There’s a lot that happens down there that we don’t always understand. Between discharge, menstruation, and uncomfortable sensations, vaginal health can sometimes be confusing.
What’s even more confusing is that some signs of serious conditions can easily be mistaken for more benign vaginal functions. Yet the more we understand our own bodies, the more we can sense when something doesn’t seem right. The following changes in the genital area may warrant a visit to the doctor.
Green or yellow discharge
Yellow discharge can be completely normal. You might see a watery, pale discharge a few days before or after your menstrual period because it’s mixed with mucus. However, if it has a foul odor, it could be a sign of a sexually transmitted disease (STD), such as trichomoniasis, chlamydia, or gonorrhea. It could also be a symptom of an infection of the reproductive organs called pelvic inflammatory disease.
Blood could be a symptom of menstruation or normal spotting during ovulation. However, if the blood appears out of sync with your cycle or it’s a prolonged period of time, brown or bloody discharge may be a sign of polyps, fibroids (abnormal uterine growths), vaginal prolapse, or even cervical or vaginal cancer.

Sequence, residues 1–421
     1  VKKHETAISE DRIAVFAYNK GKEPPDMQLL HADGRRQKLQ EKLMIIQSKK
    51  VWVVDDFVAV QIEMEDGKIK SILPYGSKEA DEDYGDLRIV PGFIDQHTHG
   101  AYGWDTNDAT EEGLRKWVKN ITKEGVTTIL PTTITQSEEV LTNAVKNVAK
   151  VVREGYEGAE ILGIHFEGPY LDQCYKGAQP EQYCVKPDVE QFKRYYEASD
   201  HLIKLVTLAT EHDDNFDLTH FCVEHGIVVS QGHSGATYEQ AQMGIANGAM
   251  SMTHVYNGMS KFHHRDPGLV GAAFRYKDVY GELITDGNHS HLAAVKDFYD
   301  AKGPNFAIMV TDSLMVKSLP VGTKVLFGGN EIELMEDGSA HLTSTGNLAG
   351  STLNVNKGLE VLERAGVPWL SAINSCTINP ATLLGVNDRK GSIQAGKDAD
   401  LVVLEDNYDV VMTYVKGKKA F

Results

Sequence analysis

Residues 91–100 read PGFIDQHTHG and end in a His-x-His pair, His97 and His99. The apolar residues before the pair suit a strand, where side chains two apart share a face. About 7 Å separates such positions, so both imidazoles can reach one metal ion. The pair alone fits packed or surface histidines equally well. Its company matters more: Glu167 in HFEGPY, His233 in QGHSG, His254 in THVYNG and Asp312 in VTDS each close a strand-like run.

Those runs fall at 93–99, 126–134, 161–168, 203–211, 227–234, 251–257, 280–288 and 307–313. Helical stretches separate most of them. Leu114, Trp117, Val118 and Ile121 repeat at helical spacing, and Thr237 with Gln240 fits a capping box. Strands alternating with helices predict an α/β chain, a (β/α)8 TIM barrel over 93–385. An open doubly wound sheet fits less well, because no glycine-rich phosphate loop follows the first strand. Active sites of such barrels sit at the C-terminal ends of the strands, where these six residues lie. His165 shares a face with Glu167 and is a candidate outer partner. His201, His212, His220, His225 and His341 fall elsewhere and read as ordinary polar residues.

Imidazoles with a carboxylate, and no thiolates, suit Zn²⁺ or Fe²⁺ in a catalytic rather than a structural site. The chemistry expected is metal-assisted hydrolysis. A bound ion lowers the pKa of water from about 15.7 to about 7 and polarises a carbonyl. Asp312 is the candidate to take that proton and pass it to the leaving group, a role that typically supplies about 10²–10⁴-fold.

There are several potential types and causes of pain that can affect the genital area, ranging from benign to more serious. Pelvic pain or pain during intercourse could be a sign of endometriosis or ovarian cysts. Other abdominal or pelvic pain indicate an STD. Pain that’s on the vulva for at least three months might be a sign of vulvodynia.
The sores that signal herpes are usually painful and are accompanied with difficulty urinating. Syphilis is another STD which might have sores, but they are usually painless and undetected because they’re inside the vagina. However, syphilis can lead to more dangerous complications if untreated, like paralysis, blindness, or brain damage. In some places, sores can be a sign of leishmaniasis, a parasitic disease that is rare in developed countries.
Burning while peeing
Most cases of dysuria (painful urination) may have something to do with the urinary tract, such as infections or stones. However, other parts of the genital area can affect cause dysuria, too. Herpes, chlamydia, and gonorrhea can each cite dysuria as a sign of their disease. Burning will peeing can also be a side effect of certain medications.